Seven gunshots in Wisconsin halted three best-of-seven playoff basketball series in Florida on Wednesday. And they may yet end the NBA’s postseason completely.
NBA players in the bubble are reacting to the Jacob Blake shooting by police in Kenosha in a strong, forceful way. They, including the Bucks, who call that state home, boycotted and postponed playoff games, and all the playoff teams subsequently joined in a meeting to organize their next steps in finding the best way for them to respond.
Reports out of that meeting say the Lakers and the Clippers want to boycott the rest of the postseason. Other teams want to continue on.
As the night turned dark, no final decision had been made, but the playoffs could be in peril.
Other reports say still yet another players meeting is scheduled for Thursday, as well as an emergency NBA Board of Governors meeting.
All involved want racial justice and equality.
The question is: What’s the best way to get it?
It depends, as mentioned, on who you ask.
There is no consensus.
Hard it is to put your own thoughts, based on your own individual frames of reference, into the minds and hearts of the players who have their own thoughts, based on their individual frames of reference.
Again, no consensus.
Their publicly spoken words, including those of the Jazz’s Donovan Mitchell and Rudy Gobert, have been unmistakable in the call for equality. Mitchell called what happened to Blake “disgusting” and asked questions about when a Black person in America will be allowed to feel comfortable and safe, suggesting forthrightly that is not the case at present.
Maybe all the players should put on the back of their jerseys: “Am I Next?”
Should the players who believe their message about the need for more racial justice is not being properly heard make a statement by simply shutting the playoffs down by walking out of the bubble? And walking into protest marches around the country?
That would carry with it significant impact.
Should the players press on, playing games with those messages spelled out on their uniforms, on their shoes, on their courts and spoken by their mouths into microphones and television cameras beaming those messages to millions of viewers from coast to coast and beyond?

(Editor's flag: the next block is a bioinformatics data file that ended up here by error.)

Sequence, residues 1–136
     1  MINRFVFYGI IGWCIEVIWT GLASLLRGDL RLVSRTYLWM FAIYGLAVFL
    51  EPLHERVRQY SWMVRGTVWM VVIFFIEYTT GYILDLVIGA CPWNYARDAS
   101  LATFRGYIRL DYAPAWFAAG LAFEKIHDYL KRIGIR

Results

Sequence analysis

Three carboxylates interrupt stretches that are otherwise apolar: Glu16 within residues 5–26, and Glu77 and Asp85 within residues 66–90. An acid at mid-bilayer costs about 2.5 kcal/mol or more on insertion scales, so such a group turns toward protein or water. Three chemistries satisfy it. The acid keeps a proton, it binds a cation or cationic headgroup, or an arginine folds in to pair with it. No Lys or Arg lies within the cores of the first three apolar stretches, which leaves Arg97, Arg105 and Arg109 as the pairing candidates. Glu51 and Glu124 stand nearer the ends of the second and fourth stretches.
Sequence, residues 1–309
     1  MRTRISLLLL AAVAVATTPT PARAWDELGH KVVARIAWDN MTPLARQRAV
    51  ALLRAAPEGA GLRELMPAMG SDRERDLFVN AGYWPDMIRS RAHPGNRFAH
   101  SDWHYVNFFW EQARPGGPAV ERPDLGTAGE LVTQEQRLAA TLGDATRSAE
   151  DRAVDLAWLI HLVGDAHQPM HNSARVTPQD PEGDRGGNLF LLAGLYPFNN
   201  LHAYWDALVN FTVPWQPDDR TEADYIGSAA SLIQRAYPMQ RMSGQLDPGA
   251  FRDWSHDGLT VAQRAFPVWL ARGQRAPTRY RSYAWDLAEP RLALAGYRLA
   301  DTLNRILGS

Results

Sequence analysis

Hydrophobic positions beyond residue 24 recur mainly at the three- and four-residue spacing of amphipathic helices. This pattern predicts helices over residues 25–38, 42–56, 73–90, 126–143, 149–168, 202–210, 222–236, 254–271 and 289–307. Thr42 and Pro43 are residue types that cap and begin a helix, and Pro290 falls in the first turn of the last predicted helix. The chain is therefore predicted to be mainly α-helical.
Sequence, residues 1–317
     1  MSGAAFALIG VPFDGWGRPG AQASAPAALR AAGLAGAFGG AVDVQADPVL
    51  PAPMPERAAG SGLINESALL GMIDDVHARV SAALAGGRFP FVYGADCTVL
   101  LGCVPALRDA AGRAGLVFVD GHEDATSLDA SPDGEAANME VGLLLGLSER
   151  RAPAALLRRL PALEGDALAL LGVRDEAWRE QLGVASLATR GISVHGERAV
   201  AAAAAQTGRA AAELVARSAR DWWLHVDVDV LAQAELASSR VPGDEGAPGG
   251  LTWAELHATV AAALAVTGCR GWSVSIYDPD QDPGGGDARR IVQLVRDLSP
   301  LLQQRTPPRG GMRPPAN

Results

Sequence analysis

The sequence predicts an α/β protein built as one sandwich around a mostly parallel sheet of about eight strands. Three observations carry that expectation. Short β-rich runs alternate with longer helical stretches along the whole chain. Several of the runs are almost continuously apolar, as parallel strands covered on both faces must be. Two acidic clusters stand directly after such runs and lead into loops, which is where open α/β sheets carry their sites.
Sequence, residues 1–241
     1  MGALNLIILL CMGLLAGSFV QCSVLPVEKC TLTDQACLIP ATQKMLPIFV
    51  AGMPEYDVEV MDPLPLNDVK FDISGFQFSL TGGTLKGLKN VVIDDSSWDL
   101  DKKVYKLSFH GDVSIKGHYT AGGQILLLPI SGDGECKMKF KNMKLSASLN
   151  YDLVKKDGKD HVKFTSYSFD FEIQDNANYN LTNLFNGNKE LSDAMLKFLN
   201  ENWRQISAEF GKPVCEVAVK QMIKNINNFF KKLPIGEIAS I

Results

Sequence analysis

As is almost always the case, there are financial ramifications for strong positions taken by those players, and those matters were reportedly discussed in the meeting. For instance, if they were to blow the postseason up, it not only would affect their current remuneration, but also some players’ future pay, based on the salary cap going down and a collective bargaining agreement that could be tossed out and reconfigured, with overall pay reduced. A work stoppage could be the result.
Important messages calling for change can be expensive.
But it might also be more effective, as mentioned, to power on and play.
It would be a mistake on the players’ part to automatically believe their message is not being heard. It might be that it is being heard, positively affecting the attitudes of many, even though it was not in effect during the sad event in Wisconsin.
These messages sent to the country by NBA players were never going to change everything at once, unfortunately. The timing here is bad. But ears and eyes are being opened, or very well could be.
The frustration and anger are beyond understandable.
If, like Mitchell said, he as a Black man in America worries about his safety at the hands of authorities and feels as though he or a family member or a friend could be violently mistreated — or killed — by way of some misinterpretation of actions, that needs to change.
It just isn’t completely changing overnight — no matter how much it should.
That’s not an excuse, nor is it any sort of defense for delaying change. The sooner, the better. Get as many people as possible rowing in the right direction as soon as possible for what is just and right and even the ignorant might eventually come around to seeing the light.
Listen to Mitchell. Listen to Gobert. Listen to Jamal Murray. Listen to Jaylen Brown. Listen to Doc Rivers. Listen to LeBron James. Listen to Quin Snyder. And many, many others.
Those guys can shoot and coach the hell out of the ball. But they also have important words to be heard and a platform to express them.
The belief here is what the NBA players are doing, if they don’t walk out, is helping, it’s part of the solution to a problem than drastically needs solving. Keep sending that message out, stay in front of the microphones and cameras, keep playing, keep preaching, keep standing tall as an example for change that is worthy of that effort.
GORDON MONSON hosts “The Big Show” with Jake Scott weekdays from 2-7 p.m. on 97.5 FM and 1280 AM The Zone, which is owned by the parent company that owns the Utah Jazz.